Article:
The 2022 Malt Cup winners all said the same thing when we asked them for advice for crafting the best malt in the world – start at the source. Here are this year’s winners iterating why and how making great malt is rooted in intentional agriculture.

Admiral Maltings 

“Admiral Maltings is thrilled to be recognized for its work making freshly kilned, floor malt from sustainably farmed, California-grown grains.  This is the third straight year Admiral Maltings has received recognition from the Malt Cup for our malt, and it wouldn’t have been possible without our tireless, dedicated team of maltsters. We are proud to participate in connecting the dots from farmer to maltster to brewer and distiller, reviving local economies, while lowering the carbon footprint for brewers and distillers.” 

— Ron Silberstein 

Gallatin Valley Malt Co. 

“Use the best grain you can get. Get the moisture and temperature right. Drink beer.”

Karl DeJonge

Gold Rush Malt 

I can produce malt that meets all the technical specifications that are ideal. But when it comes down to flavor, that has to be related more to the variety than the processing techniques. I picked our Pale Malt variety because when I went to the Canadian Malting Barley Technical Centre malting class several years ago, the director said the Cerveza variety- which has a great name- was developed with craft beer in mind. I said, well I’ll give that a try. It works well with my system, and I get good numbers— high extract, high friability, low beta-glucan, decent enzymes— so I’ve stuck with it.”

— Tom Hutchinson

Rabbit Hill Malt 

“My brother and I are 5th generation farmers. Our malt is personally delivered by us, and everything else too from the ground up. We like the connection with the customer. Beverage flavors, freshness, traceability, family farms— are the core values of the companies we work with. Malt then becomes a platform for explaining ag and food systems to people, how the world actually works to get food to your pantry.”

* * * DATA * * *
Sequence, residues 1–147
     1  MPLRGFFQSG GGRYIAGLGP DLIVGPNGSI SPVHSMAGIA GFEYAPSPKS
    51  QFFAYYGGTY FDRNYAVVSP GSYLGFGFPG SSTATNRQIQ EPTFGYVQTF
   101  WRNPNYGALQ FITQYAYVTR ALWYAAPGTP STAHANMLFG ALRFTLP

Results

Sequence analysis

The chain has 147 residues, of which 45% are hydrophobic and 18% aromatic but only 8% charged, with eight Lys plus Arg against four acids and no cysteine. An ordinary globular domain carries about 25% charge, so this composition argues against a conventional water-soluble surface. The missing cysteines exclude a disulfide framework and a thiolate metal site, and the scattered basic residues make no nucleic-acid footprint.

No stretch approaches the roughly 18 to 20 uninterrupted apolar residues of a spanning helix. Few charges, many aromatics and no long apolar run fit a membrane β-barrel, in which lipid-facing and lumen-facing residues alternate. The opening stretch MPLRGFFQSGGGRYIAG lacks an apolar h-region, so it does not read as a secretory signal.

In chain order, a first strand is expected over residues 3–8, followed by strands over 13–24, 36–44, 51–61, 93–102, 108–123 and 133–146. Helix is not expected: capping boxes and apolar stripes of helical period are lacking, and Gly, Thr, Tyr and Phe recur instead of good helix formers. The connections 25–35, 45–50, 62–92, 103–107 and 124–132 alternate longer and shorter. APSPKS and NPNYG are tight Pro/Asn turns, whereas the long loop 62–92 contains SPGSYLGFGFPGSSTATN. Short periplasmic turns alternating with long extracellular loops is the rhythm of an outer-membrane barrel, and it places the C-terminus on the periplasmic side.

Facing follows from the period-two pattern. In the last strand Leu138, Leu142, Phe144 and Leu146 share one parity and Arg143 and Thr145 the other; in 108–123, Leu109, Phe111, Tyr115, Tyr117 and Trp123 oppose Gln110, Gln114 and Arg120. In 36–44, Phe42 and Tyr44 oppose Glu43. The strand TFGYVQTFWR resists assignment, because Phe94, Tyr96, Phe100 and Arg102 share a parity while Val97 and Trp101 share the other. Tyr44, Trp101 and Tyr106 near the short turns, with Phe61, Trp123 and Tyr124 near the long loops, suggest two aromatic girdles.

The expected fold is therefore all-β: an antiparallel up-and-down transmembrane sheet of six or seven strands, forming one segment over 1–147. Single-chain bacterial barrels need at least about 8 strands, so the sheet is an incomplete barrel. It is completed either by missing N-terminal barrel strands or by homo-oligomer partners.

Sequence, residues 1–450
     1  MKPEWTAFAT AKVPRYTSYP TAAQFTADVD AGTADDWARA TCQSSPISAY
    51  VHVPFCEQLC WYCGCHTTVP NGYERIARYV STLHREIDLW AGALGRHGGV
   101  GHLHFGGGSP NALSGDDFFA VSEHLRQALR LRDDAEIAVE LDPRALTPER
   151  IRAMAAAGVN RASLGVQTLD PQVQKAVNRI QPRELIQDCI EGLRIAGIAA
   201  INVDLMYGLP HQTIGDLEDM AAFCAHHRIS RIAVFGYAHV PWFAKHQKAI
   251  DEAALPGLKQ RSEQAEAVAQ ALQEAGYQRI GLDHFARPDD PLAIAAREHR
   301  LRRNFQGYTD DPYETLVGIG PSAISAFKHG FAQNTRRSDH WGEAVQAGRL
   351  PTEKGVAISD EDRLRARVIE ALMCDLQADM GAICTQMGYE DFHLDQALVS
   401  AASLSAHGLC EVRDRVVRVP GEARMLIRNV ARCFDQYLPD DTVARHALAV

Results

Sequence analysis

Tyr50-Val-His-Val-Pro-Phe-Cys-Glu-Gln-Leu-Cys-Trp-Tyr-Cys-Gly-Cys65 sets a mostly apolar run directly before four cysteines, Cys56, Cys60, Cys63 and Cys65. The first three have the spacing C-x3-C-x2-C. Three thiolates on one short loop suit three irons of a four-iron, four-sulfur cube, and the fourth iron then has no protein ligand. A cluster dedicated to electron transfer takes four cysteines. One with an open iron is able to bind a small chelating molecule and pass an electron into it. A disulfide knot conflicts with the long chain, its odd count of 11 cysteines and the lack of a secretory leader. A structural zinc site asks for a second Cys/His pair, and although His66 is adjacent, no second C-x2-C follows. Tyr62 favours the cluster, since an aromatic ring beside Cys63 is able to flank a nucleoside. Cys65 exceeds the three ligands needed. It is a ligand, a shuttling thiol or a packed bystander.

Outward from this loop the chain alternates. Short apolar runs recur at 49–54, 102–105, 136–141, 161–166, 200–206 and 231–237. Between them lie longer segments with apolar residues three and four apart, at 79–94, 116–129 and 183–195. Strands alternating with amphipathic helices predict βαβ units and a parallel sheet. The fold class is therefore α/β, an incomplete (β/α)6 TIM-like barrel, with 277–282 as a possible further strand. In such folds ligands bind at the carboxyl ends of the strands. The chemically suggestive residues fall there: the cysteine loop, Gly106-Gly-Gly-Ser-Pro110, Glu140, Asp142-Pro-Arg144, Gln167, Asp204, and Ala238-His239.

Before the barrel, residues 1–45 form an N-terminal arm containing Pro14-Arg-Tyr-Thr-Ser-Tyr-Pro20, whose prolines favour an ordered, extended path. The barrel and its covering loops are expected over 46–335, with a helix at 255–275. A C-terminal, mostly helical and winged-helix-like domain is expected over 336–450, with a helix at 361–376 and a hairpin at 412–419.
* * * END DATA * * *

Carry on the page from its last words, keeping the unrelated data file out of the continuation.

— Hillary Barile 

Riverbend Malt House 

“This year’s crop of Violetta barley featured plump kernels with low protein, perfect for creating a low color malt with high extract. We attribute our malthouse’s growth to our growers’ commitment to quality, and to our ever-strengthening relationships with our farm partners. All of this has allowed us to expand contracted acreage throughout our network and strengthen our commitment to Malt With A Mission.” 

— Brent Manning 

Root Shoot Malting

“Farming is the beginning of all we do. Long before we’re malting barley, we’re tending the seeds that become your future beer. Farming is food. Farming is beer.⁠ Farming is life.” 

The malthouse crew 

Voyager Craft Malt 

“It’s not going to surprise anyone that great malt starts with great barley, and great barley starts in the field. Being actively involved with your growers and their farming practices will help to better understand, and influence the quality of barley you’ll be working within your malthouse. It’s really about education. One of the most valuable sources for us has been the Craft Maltsters Guild, which has been vital in providing us with the skills and knowledge to produce the highest quality malt. Whether it be the conference, the forum, webinars, workshops, or even the contacts we’ve made through the Guild, it will enable maltsters access to the knowledge required to make consistently high-quality malt.” 

— Stu Whytcross 

Wyoming Malting Company

“Our quality malt starts in the field.  Finding a variety that works for your farmers is key.  If they cannot grow quality barley, then we cannot make quality malt.” 

— Chad Brown

Want more malt quality advice? Check out these tips from our 2021 Malt Cup winners. 

Photo courtesy of Voyager Craft Malt.